Stephan, question: I read somewhere (possibly here?) that the carbohydrate in rice is converted to some extent to Palmitic acid by the liver. If this is the case, it could be one factor explaining the incidence of coronary events in Asian vs. Western populations. Carb source, as you have noted before, trumps carb percentage in the diet. Again, if this is the case, then Asian populations may in effect be consuming a high saturated fat diet even if rice forms the foundation of their meals. I'm certainly not sure how the conversion of carb from rice into lipids in the liver compares to conversion from other carb sources. I may be totally off base in this comment. Scott W PS - I've been diligently reading your posts, just too busy with summer activities to comment much.
Stephan, this post is an amazing wealth of gold nuggets, beautifully arranged. It is amazing to see all this information pulled together into a logical and very clear picture. Next time I see my doctor, I'll be sure to take this along, because he'll want to talk 'statin's' again. Then again, maybe I shouldn't waste my time by going to see him.
Scott W, Jack, exciting info! rice consumption increases Palmitic Acid! A reference for this would be great, if available. What acids would be produced by the liver after wheat production? This is getting into some very interesting aspects of diet and its effect on the digestive system.
Starch, whether from rice, wheat, or whatever, is rapidly broken down into glucose and dumped into the circulation. Glucose is glucose, regardless of its source. Excess glucose not needed for energy or to replenish glycogen stores is converted by the liver to palmitic acid.
Jen, yeah, I guess if I'd thought it through I would have figured that out...it's not like grains of rice are delivered to the liver by the bloodstream, having passed through the intestine undigested! So, then, the key to effectively using carbs as a fuel source would be to get a pure a source for glucose production as possible. Meaning that all starches break down to glucose, which can be converted to palmitic acid, but some carbs carry the baggage of unwanted stuff, such as gluten. So rice fits that bill, to the benefit of Asians, but so would tubers such as taro or skinless potato, or high starch/low fructose fruits such as plantains. But we shouldn't make too much of this, of course. Eating high starch is not necessarily the best road to a coronary-event-free life, but according to the Kitavans, and others, it certainly does not preclude such a heart-healthy condition. And the action of excess carb being coverted to palmitic acid could play a role in that. What I find really intersting is this: The body, when faced with an overabundance of glucose, converts that glucose to saturated fat. We certainly evolved to be able to consume carb, and therefore evolved to handle it appropriately, so the fact that we use it to make saturated fat and not some other kind of fat should indicate that the body prefers it. Or at least has evolved to thrive on it. Scott W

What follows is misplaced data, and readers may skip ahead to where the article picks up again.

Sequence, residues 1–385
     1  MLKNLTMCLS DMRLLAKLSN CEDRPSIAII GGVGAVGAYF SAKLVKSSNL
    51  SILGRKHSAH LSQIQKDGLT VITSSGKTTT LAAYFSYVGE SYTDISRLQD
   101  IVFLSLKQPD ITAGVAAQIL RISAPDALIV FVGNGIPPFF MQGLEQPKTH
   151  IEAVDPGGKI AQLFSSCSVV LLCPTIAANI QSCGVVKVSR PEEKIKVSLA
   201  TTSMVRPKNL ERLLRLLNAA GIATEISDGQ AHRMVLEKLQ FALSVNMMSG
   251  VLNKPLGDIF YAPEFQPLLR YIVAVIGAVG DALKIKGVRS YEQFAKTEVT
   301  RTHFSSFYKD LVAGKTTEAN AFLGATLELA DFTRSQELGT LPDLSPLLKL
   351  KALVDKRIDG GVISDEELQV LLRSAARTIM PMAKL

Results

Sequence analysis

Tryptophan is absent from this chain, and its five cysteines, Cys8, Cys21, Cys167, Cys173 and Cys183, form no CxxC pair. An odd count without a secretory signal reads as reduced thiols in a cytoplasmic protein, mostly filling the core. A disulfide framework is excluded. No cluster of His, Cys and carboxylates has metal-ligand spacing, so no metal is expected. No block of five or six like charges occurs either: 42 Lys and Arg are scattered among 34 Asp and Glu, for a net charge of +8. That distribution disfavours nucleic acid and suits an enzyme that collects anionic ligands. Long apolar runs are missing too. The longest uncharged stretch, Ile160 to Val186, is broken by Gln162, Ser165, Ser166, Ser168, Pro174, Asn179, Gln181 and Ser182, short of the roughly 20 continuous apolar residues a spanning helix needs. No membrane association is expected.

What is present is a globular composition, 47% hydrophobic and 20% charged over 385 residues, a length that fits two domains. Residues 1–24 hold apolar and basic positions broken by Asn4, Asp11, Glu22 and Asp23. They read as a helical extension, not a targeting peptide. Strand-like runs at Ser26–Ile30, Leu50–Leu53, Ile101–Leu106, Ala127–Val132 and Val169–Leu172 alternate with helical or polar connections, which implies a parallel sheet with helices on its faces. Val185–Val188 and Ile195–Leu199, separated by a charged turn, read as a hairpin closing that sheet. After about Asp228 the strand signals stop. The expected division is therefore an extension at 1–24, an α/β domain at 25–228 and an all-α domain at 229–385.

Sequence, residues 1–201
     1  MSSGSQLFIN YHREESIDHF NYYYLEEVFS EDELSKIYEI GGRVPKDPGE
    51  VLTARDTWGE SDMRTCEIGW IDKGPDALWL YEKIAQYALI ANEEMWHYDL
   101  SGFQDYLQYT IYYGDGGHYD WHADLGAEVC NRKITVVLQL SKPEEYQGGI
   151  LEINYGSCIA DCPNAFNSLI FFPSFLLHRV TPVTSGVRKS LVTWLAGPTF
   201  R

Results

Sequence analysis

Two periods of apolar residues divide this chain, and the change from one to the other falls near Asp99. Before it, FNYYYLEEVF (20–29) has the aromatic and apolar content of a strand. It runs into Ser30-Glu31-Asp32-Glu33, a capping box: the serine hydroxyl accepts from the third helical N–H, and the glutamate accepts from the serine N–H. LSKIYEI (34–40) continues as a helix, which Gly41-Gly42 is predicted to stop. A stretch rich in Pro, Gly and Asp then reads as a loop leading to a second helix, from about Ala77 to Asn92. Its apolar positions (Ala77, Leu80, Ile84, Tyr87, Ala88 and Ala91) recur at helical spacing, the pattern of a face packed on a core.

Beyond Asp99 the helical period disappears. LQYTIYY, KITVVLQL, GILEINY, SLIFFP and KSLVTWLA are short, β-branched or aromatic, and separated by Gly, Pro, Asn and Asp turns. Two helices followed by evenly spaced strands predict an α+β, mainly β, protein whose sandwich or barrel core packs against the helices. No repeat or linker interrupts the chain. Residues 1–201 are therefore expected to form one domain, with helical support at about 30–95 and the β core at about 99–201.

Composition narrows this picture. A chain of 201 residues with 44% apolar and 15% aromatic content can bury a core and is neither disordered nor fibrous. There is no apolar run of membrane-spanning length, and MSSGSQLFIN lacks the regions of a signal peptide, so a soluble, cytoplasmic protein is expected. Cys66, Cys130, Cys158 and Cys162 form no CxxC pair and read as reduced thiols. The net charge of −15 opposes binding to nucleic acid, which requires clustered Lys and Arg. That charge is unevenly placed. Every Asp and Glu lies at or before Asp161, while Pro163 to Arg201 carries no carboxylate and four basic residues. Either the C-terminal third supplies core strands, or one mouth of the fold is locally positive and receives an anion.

Scott, As Jen mentioned, all carbohydrate in excess of what can be immediately burned or stored as glycogen is turned into palmitic acid by the liver, whether it's from rice or any other source. The higher the glycemic index, the larger the proportion that's converted to palmitic acid. That's because there's a brief rush of glucose so more gets turned into fat rather than burned as glucose as it trickles into the bloodstream more slowly. I also think it's telling that the body chooses to convert carbs to palmitic acid, when we have the enzymes necessary to monounsaturate it. Hi Kurt, That sounds reasonable, although I do think there's some value to LDL particle count. I'm skeptical of the "reverse cholesterol transport" hypothesis of HDL, it just seems implausible on the surface. But I haven't really looked into it so maybe there's good evidence. I think it could easily just be acting as a marker of diet. Homertobias, I did notice he's on the fructose paper. He's done some great research over the years! Robert, I'll be posting on animal models of atherosclerosis at some point in the next few weeks because I think it's interesting. In general, the only animals that you can give atherosclerosis by feeding saturated fat are species that react to sat fat by dramatically increasing LDL. I'm talking about 3-10 fold or more in some cases. Typically but not always aided by large amounts of dietary cholesterol. Then there are the species that react more modestly to sat fat (like humans), where it doesn't produce atherosclerosis on its own. Often researchers use what they call an "atherogenic diet" that's a mix of large amounts of cholesterol, saturated fat (often hydrogenated) and sugar, on the background of an otherwise highly refined diet. Feed this to an animal that's mostly or totally vegetarian and you're almost guaranteed to get blood lipid disturbances and massive atherosclerosis.